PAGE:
Iran and six world powers have agreed on how to carry out the nuclear deal agreed upon in November, officials announced Sunday.
The accord will go into effect on Jan. 20, the New York Times reports.
Prior to the agreement, Iran’s Supreme Leader Ayatollah Ali Khamenei had delivered harsh criticisms of the U.S. and EU partners as recently as Thursday, when Khamenei said the nuclear talks showed “the enmity of America against Iran, Iranians, Islam and Muslims.” European Union negotiator Catherine Ashton lauded the deal in a statement, saying “the foundations for a coherent, robust and smooth implementation … have been laid,” according to the AP.
Secretary of State John Kerry issued the following statement Sunday:
We’ve taken a critical, significant step forward towards reaching a verifiable resolution that prevents Iran from obtaining a nuclear weapon.
On January 20, in just a few short days, we will begin implementation of the Joint Plan of Action that we and our partners agreed to with Iran in Geneva.
As of that day, for the first time in almost a decade, Iran’s nuclear program will not be able to advance, and parts of it will be rolled back, while we start negotiating a comprehensive agreement to address the international community’s concerns about Iran’s program.
Because of the determined and focused work of our diplomats and technical experts, we now have a set of technical understandings for how the parties will fulfill the commitments made at the negotiating table. These understandings outline how the first step agreement will be implemented and verified, as well as the timing of implementation of its provisions.
Iran will voluntarily take immediate and important steps between now and January 20 to halt the progress of its nuclear program. Iran will also continue to take steps throughout the six months to live up to its commitments, such as rendering the entire stockpile of its 20% enriched uranium unusable for further enrichment. As this agreement takes effect, we will be extraordinarily vigilant in our verification and monitoring of Iran’s actions, an effort that will be led by the International Atomic Energy Agency.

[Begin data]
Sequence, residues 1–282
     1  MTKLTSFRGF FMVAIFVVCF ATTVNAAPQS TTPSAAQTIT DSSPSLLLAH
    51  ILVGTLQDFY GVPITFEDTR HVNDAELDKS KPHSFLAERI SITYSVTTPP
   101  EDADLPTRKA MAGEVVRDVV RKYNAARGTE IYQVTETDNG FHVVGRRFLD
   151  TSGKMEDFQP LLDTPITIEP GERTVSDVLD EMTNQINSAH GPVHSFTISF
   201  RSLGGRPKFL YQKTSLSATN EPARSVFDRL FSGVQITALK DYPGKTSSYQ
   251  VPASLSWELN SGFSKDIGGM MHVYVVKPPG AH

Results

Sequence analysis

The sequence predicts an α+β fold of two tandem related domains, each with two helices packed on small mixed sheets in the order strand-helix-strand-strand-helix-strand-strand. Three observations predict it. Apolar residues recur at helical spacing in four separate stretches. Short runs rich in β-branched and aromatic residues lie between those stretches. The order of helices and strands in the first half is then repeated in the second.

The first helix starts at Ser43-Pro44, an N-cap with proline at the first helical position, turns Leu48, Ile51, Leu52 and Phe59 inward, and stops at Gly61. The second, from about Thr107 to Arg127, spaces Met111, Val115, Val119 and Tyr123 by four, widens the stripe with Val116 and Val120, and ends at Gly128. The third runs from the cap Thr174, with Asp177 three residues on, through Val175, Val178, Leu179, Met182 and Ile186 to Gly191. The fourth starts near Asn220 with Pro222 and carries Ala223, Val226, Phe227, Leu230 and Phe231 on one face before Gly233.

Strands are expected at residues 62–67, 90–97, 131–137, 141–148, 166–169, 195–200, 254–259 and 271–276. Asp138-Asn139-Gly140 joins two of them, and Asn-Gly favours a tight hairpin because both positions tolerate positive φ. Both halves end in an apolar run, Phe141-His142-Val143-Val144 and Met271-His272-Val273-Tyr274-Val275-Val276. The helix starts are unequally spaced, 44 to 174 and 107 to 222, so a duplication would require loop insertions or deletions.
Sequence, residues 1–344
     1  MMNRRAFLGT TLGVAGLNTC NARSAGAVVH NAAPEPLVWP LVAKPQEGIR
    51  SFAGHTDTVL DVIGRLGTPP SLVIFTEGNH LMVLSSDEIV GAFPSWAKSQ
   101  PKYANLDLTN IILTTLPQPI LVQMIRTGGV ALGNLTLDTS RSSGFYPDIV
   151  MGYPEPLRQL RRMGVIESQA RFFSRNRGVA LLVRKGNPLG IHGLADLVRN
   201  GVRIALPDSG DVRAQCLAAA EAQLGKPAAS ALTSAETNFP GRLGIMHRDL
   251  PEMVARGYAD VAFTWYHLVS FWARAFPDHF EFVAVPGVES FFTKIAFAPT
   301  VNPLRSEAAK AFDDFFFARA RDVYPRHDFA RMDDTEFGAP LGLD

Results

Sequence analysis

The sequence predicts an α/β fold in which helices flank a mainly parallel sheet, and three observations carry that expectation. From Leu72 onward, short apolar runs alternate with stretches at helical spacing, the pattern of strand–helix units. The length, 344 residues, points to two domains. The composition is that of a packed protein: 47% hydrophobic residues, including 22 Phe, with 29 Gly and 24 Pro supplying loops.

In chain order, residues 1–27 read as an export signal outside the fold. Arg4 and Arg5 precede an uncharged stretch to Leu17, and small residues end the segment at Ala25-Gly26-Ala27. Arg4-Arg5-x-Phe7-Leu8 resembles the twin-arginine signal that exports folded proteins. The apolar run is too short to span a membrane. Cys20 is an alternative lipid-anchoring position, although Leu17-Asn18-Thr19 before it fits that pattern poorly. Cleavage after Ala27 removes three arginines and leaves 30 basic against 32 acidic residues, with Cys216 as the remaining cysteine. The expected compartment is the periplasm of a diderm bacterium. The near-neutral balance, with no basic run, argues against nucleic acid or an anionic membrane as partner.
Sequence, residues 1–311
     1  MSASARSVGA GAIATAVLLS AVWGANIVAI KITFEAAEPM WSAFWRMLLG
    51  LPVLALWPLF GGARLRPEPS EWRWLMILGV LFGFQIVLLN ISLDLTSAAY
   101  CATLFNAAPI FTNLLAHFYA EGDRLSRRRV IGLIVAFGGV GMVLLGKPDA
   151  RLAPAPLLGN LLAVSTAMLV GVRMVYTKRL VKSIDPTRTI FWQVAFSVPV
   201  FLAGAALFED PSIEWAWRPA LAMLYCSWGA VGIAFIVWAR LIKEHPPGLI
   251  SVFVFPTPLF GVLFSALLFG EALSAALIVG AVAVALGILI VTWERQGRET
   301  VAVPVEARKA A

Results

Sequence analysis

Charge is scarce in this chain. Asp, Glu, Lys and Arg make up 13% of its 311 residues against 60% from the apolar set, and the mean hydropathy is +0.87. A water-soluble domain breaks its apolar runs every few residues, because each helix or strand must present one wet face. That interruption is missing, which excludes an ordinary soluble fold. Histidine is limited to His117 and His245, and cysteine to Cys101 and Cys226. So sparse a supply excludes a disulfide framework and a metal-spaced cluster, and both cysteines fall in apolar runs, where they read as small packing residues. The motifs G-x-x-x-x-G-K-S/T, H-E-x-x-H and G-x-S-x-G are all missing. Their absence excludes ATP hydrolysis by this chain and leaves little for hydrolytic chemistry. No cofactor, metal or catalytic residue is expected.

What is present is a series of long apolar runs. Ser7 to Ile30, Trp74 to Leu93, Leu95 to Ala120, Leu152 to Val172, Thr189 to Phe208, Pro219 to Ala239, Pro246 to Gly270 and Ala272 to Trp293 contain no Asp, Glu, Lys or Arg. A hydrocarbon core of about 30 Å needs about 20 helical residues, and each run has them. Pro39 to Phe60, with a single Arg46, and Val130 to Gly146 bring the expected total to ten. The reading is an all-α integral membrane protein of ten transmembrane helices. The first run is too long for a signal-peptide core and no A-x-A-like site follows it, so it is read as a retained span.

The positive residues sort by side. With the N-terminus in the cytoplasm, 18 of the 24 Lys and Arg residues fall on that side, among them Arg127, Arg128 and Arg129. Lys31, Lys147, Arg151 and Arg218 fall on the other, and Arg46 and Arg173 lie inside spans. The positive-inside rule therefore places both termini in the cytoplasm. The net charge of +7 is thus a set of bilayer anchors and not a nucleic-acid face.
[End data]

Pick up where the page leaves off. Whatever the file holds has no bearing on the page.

The United States and the rest of our P5+1 partners will also take steps, in response to Iran fulfilling its commitments, to begin providing some limited and targeted relief. The $4.2 billion in restricted Iranian assets that Iran will gain access to as part of the agreement will be released in regular installments throughout the six months. The final installment will not be available to Iran until the very last day.
While implementation is an important step, the next phase poses a far greater challenge: negotiating a comprehensive agreement that resolves outstanding concerns about the peaceful nature of Iran’s nuclear program.
As the United States has made clear many times, our absolute top priority in these negotiations is preventing Iran from obtaining a nuclear weapon. We have been clear that diplomacy is our preferred path because other options carry much greater costs and risks and are less likely to provide a lasting solution.
We now have an obligation to give our diplomats and experts every chance to succeed in these difficult negotiations. I very much appreciate Congress’ critical role in imposing the sanctions that brought Iran to the table, but I feel just as strongly that now is not the time to impose additional sanctions that could threaten the entire negotiating process. Now is not the time for politics. Now is the time for statesmanship, for the good of our country, the region, and the world.
We are clear-eyed about the even greater challenges we all face in negotiating a comprehensive agreement. These negotiations will be very difficult, but they represent the best chance we have to resolve this critical national security issue peacefully, and durably.
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